It’s been 12 years since FIFA stunningly awarded this year’s World Cup to Qatar. The governing body, and the nation, had over a decade to prepare. Just a couple of days in, you wouldn’t know it. After the last-minute flip-flop on the sale of alcoholic beer in stadiums – something that should have been clearly established well before the tournament – ticket issues blighted Monday’s opening match between England and Iran. The problem caused scores of fans to miss the opening kickoff. FIFA’s mobile app was apparently the culprit. Fans complained that their e-tickets had disappeared from their phones, causing long queues outside the Khalifa International Stadium.
FIFA scores another own goal
Ahead of the World Cup, captains of seven European nations vowed to wear armbands adorned with the multi-colored, heart-shaped logo of the “OneLove” campaign that promotes inclusion and diversity. The national teams, including three who played Monday – England, Wales, and the Netherlands – said they were prepared to pay a fine to allow the respective captains to wear the armband. So FIFA upped the ante and threatened to sanction the players with yellow cards if they took part in the anti-discrimination gesture. They promptly abandoned the plans and wore a FIFA-approved armband instead. Fans and journalists took to social media Monday to provide accounts of how they were forced to remove pro-LGBTQ paraphernalia before entering stadiums. FIFA has reportedly ordered Belgium to remove the word “Love” from the collar of its World Cup shirt, too.
Good guy Grealish
Jack Grealish kept his promise. Prior to the World Cup, the England forward met with 11-year-old Manchester City fan Finlay, who has cerebral palsy. The heartwarming encounter ended with Finlay asking Grealish, whose sister also has cerebral palsy, to commemorate his next goal – either for club or country – with a special celebration. He did just that after scoring England’s sixth marker against Iran on Monday. With a giant grin on his face, Grealish stretched out his arms and began rolling them in waves, just as Finlay had demonstrated to him when they met. Especially amid some of the other scenes at this World Cup thus far – including some discussed above – it was a brilliant, beautiful sight that signals the power of football and sport.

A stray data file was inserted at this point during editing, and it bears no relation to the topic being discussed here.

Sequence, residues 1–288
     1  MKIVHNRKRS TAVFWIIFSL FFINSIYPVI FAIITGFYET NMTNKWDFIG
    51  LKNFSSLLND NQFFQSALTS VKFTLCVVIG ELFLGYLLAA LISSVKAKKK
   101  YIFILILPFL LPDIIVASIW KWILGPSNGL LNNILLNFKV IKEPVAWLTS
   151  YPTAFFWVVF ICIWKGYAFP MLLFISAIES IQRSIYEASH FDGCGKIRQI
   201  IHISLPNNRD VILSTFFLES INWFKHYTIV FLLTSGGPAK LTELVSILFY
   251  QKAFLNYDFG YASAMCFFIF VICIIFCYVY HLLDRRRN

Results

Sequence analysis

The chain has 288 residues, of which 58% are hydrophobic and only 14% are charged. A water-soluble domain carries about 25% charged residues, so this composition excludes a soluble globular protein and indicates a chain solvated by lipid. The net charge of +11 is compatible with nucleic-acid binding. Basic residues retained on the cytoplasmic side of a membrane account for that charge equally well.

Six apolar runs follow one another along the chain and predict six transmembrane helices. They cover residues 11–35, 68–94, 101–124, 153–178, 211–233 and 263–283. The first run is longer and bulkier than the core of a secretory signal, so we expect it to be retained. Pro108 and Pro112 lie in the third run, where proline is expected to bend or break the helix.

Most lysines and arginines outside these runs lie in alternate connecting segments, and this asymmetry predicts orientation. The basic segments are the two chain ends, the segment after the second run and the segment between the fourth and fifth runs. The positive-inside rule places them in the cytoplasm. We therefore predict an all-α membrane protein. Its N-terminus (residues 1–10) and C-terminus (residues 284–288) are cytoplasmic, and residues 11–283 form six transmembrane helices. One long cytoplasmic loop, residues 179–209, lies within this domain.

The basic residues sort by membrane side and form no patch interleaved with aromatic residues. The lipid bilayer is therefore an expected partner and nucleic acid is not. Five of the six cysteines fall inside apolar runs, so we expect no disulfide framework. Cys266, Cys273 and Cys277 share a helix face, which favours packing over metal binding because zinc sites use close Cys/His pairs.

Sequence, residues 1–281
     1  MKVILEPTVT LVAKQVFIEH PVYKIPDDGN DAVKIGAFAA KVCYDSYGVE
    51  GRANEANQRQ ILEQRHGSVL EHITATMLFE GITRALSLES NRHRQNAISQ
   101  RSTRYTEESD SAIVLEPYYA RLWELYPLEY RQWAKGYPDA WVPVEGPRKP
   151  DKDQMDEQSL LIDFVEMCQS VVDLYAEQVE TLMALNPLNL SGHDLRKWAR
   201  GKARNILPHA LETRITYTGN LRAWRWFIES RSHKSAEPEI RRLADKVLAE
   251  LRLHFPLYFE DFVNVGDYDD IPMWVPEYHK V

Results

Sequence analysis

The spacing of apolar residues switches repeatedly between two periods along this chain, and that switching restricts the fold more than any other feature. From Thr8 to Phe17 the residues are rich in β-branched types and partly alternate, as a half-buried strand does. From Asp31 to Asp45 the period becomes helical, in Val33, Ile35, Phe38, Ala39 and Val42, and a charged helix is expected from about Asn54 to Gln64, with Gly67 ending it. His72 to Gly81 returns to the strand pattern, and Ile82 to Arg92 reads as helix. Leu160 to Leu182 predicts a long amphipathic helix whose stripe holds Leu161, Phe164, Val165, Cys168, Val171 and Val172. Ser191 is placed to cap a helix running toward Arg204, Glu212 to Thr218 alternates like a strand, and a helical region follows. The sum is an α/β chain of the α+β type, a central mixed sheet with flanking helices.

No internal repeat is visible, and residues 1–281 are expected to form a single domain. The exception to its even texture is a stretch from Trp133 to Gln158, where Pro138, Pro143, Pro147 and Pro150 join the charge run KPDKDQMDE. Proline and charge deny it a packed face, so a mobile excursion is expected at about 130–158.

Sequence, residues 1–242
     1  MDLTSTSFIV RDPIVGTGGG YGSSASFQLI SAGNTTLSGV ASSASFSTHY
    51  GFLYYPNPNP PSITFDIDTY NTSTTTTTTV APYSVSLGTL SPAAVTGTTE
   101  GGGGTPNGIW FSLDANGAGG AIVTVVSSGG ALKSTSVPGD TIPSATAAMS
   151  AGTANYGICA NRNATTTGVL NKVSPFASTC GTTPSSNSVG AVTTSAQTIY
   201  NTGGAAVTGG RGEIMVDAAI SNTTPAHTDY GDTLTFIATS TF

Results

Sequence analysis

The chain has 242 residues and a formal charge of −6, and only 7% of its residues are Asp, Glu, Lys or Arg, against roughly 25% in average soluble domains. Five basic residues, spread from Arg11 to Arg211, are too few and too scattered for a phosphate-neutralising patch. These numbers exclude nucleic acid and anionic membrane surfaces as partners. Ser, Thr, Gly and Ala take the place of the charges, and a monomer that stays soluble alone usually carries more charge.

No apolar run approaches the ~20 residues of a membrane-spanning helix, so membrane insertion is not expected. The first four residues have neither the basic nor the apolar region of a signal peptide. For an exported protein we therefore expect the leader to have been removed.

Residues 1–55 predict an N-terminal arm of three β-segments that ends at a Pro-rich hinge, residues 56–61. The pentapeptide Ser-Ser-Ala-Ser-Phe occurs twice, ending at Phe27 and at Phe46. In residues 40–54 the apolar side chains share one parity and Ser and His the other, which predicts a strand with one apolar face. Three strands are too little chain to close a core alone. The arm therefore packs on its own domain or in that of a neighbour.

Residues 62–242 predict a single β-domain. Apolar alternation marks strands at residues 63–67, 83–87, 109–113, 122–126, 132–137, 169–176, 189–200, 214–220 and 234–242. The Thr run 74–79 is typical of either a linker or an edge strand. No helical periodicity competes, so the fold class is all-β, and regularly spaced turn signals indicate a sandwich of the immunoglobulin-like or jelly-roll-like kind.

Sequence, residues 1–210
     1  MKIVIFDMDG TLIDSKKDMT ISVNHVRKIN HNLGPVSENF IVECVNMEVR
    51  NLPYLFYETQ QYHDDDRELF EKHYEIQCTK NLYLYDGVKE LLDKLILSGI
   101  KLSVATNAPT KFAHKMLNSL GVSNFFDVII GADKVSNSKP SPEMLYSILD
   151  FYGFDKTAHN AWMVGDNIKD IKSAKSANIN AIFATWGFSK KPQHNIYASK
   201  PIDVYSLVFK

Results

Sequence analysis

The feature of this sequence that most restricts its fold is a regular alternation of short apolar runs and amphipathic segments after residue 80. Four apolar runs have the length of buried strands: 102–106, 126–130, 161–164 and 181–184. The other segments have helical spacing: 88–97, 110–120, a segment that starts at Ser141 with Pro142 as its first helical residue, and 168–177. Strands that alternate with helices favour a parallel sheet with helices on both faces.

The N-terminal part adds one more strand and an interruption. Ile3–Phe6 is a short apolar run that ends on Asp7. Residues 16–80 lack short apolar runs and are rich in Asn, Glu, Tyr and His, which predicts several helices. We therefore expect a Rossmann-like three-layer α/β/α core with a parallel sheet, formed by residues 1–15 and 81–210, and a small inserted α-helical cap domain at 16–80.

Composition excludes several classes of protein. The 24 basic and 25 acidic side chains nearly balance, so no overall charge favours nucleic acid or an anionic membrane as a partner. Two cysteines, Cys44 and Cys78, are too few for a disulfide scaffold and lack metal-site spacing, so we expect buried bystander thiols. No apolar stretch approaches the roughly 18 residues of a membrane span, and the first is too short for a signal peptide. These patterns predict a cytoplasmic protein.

Maguire makes amends
Harry Maguire has come under immense scrutiny, for good reason, amid consistent struggles at club level with Manchester United. So much so, many clamored for him to be dropped entirely from the squad for the World Cup. Southgate, though, trusts the oft-criticized defender more than most. He’s one of his stalwarts. Maguire repaid his manager’s faith with a solid outing against Iran. The 29-year-old looked liberated on the pitch, driving forward with the ball and, crucially, providing a constant threat from set pieces, a key element to England’s game. Southgate said after the match that Maguire was taken off as a precaution after feeling ill in the second half. The manager also allayed fears over a potential head injury, adding that he expects the defender to be available against the United States later this week. Bullet dodged, it seems.
Stat of the day
Welcome back to the World Cup, Wales.
Tweet of the day
What were you doing at 19 years old?
The post World Cup roundup, Day 2: England roars, USMNT runs out of steam appeared first on UpsFootball.